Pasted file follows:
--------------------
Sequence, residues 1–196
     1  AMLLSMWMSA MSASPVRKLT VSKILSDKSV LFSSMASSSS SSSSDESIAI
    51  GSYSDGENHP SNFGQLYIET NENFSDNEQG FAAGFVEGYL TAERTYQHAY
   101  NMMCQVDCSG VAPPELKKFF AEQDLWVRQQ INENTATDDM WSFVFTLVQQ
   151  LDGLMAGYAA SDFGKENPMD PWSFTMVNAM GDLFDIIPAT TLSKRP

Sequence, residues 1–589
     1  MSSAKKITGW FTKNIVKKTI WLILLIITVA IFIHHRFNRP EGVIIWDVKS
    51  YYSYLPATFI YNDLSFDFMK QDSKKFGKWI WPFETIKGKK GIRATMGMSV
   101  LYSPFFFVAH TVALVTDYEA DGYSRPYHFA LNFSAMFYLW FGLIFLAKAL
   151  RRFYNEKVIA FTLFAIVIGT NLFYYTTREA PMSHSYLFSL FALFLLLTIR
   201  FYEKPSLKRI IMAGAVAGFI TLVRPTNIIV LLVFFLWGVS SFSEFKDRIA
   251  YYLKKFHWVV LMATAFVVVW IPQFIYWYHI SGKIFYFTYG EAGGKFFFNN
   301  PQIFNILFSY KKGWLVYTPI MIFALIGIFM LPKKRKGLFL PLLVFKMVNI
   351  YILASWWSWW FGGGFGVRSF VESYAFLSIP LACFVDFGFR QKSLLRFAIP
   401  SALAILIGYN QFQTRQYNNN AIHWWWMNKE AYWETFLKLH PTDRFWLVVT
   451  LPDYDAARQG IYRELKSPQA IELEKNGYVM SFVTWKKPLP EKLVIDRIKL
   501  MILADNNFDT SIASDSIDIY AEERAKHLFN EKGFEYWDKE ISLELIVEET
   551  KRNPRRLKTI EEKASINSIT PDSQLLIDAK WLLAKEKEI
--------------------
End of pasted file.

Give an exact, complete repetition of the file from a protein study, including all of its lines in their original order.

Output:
Sequence, residues 1–196
     1  AMLLSMWMSA MSASPVRKLT VSKILSDKSV LFSSMASSSS SSSSDESIAI
    51  GSYSDGENHP SNFGQLYIET NENFSDNEQG FAAGFVEGYL TAERTYQHAY
   101  NMMCQVDCSG VAPPELKKFF AEQDLWVRQQ INENTATDDM WSFVFTLVQQ
   151  LDGLMAGYAA SDFGKENPMD PWSFTMVNAM GDLFDIIPAT TLSKRP

Sequence, residues 1–589
     1  MSSAKKITGW FTKNIVKKTI WLILLIITVA IFIHHRFNRP EGVIIWDVKS
    51  YYSYLPATFI YNDLSFDFMK QDSKKFGKWI WPFETIKGKK GIRATMGMSV
   101  LYSPFFFVAH TVALVTDYEA DGYSRPYHFA LNFSAMFYLW FGLIFLAKAL
   151  RRFYNEKVIA FTLFAIVIGT NLFYYTTREA PMSHSYLFSL FALFLLLTIR
   201  FYEKPSLKRI IMAGAVAGFI TLVRPTNIIV LLVFFLWGVS SFSEFKDRIA
   251  YYLKKFHWVV LMATAFVVVW IPQFIYWYHI SGKIFYFTYG EAGGKFFFNN
   301  PQIFNILFSY KKGWLVYTPI MIFALIGIFM LPKKRKGLFL PLLVFKMVNI
   351  YILASWWSWW FGGGFGVRSF VESYAFLSIP LACFVDFGFR QKSLLRFAIP
   401  SALAILIGYN QFQTRQYNNN AIHWWWMNKE AYWETFLKLH PTDRFWLVVT
   451  LPDYDAARQG IYRELKSPQA IELEKNGYVM SFVTWKKPLP EKLVIDRIKL
   501  MILADNNFDT SIASDSIDIY AEERAKHLFN EKGFEYWDKE ISLELIVEET
   551  KRNPRRLKTI EEKASINSIT PDSQLLIDAK WLLAKEKEI